A Phallus by any Other Name... Is Deconstruction the Psychoanalysis of Philosophy?

16 April 2009
William Samson ( HBA Philosophy and English 4th Year)

      The points of contact between psychoanalysis and deconstruction are hard to ignore.  Both fields are engaged in uncovering that which lies behind and beneath that which is apparent, spoken, and thought.  Even their methodologies are in some ways eerily similar: Freud digs at the repressed by means of free association, while Derrida undoes the repression inherent in logocentric philosophy (the historical repression of writing, for instance).  With Freud's insights being called into question, and in many cases disproven, it is incumbent upon thinkers of all stripes to examine the relationship between the works of Freud and those of later thinkers like Derrida, who are demonstrably indebted to him.  Even if psychoanalysis did not influence deconstruction (that is, metonymically, if Freud did not influence Derrida),  Derrida's thought shares concerns with Freud's, though they do not necessarily approach these concerns in exactly the same way.  It is worth examining, then, the extent to which Freud has a part in the creation of Derrida, the extent to which Derrida's thought is founded in Freudian theory.  Is deconstruction simply psychoanalysis by another name, or in a slightly altered context?  To put it differently, is deconstruction simply the psychoanalysis of philosophy?  This question cannot be answered by a simple yes or no, by insisting on Derrida's radicality (both in the common sense of the word, meaning a free-thinker, but also in its Latinate sense, as referring to a root, an origin) or his derivativeness.  The question (fundamental as it is to both the legacies of Freud and Derrida) must be answered with wide consideration of both authors' works.  Derrida himself attempts to answer this question in a perfunctory manner in Writing and Difference, yet fails to put the matter to rest (at least in the minds of his critics).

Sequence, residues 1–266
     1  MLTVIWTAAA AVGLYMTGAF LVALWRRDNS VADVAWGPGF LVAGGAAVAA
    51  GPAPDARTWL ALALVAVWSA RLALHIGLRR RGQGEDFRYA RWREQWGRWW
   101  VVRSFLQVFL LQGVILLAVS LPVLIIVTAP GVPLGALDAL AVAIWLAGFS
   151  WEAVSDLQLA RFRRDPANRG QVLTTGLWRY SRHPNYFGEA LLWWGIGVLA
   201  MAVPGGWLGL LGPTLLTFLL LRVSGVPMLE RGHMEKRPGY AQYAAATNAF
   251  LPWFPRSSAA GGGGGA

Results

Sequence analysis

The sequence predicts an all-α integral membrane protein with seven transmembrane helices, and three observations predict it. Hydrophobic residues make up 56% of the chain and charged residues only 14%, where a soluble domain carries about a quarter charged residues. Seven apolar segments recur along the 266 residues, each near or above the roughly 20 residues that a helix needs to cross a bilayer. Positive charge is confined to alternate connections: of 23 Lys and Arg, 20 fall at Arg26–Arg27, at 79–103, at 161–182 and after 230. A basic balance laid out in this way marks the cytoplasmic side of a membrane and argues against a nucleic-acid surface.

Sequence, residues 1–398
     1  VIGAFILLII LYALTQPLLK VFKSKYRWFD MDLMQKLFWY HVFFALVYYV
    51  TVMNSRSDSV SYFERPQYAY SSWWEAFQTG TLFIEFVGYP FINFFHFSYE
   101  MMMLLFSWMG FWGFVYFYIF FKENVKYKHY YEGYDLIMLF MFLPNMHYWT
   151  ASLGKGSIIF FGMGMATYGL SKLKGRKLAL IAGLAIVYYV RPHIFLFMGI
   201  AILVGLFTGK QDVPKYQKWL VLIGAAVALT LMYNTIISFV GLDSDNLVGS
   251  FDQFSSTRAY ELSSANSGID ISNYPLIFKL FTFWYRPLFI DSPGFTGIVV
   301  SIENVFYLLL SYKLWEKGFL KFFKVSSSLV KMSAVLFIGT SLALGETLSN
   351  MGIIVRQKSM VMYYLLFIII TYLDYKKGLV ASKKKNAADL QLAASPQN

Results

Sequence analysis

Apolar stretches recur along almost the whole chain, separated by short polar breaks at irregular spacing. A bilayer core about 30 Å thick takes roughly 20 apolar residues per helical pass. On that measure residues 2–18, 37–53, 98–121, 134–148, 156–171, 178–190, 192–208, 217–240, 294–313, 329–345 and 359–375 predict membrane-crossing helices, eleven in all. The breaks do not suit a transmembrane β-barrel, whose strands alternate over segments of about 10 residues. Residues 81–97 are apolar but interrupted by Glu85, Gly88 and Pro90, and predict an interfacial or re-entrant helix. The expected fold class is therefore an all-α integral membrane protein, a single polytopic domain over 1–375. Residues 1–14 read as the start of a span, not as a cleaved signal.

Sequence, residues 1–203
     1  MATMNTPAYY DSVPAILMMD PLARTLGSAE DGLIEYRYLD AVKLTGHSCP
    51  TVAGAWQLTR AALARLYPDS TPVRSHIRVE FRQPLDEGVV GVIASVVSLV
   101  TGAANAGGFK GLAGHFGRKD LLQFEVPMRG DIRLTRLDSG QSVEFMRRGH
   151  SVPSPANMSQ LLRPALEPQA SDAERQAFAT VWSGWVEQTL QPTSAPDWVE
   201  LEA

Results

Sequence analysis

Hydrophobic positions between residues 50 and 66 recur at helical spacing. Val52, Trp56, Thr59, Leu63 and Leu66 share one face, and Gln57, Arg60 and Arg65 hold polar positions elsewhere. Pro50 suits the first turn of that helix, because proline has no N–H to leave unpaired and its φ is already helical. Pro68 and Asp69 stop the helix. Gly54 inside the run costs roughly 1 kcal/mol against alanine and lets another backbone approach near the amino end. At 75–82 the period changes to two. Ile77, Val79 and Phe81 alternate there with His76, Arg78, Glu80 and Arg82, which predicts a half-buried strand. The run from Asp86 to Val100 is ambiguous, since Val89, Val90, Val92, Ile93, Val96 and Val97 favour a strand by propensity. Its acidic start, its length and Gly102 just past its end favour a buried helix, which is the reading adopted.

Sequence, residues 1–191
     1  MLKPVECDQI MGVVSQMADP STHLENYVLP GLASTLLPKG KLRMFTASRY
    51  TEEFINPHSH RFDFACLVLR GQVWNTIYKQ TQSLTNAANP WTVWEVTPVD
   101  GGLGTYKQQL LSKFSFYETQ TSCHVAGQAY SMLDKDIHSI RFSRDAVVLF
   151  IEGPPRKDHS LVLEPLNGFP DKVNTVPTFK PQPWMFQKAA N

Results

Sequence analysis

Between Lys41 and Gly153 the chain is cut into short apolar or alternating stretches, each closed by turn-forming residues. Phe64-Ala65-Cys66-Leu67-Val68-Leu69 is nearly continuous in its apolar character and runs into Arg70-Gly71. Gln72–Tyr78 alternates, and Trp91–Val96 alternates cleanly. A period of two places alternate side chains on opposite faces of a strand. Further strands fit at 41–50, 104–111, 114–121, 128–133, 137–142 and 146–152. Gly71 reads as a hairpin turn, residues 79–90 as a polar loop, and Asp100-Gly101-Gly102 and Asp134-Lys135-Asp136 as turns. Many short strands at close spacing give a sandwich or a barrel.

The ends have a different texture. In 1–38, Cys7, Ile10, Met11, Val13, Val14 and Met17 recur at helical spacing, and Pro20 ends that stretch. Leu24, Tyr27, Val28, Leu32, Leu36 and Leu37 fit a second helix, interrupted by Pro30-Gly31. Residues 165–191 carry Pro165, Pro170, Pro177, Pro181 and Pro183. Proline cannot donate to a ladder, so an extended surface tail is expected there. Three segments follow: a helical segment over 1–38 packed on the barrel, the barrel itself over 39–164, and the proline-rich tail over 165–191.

Derrida's relationship to Freud is complicated, not only because Derrida defined his earlier works in part based on his sympathies and his departures from psychoanalysis (in the same manner as he defined his earlier work in relation to Heidegger and Nietzsche), but also because Derrida, though he certainly has many disagreements with Freud's theories, never set down in writing exactly what was salvageable from Freud (and psychoanalysis), in the same way that he set down in Spectres of Marx what was salvageable from Marx.  As Powell puts it, Derrida never "settled accounts with Freud as he did with Marx" (Powell 63).  To further complicate the issue, both Derrida and Freud take some of their inspiration from the same figurative well.  Notions from Nietzsche, such as the eternal return, come up in Freud as well as in Derrida, slightly modified, in their accounts of the repetition compulsion and of the iterability of the signifier, respectively.  This being the case, I reiterate, repeat, return to the question: is deconstruction simply (never simply) the psychoanalysis of logocentric philosophy?  An addendum:  if it is not, what are the points of contact, points of reference, and points of departure within psychoanalysis that deconstruction makes use of?  What, of Freud, is Derrida justified in using in his own theories?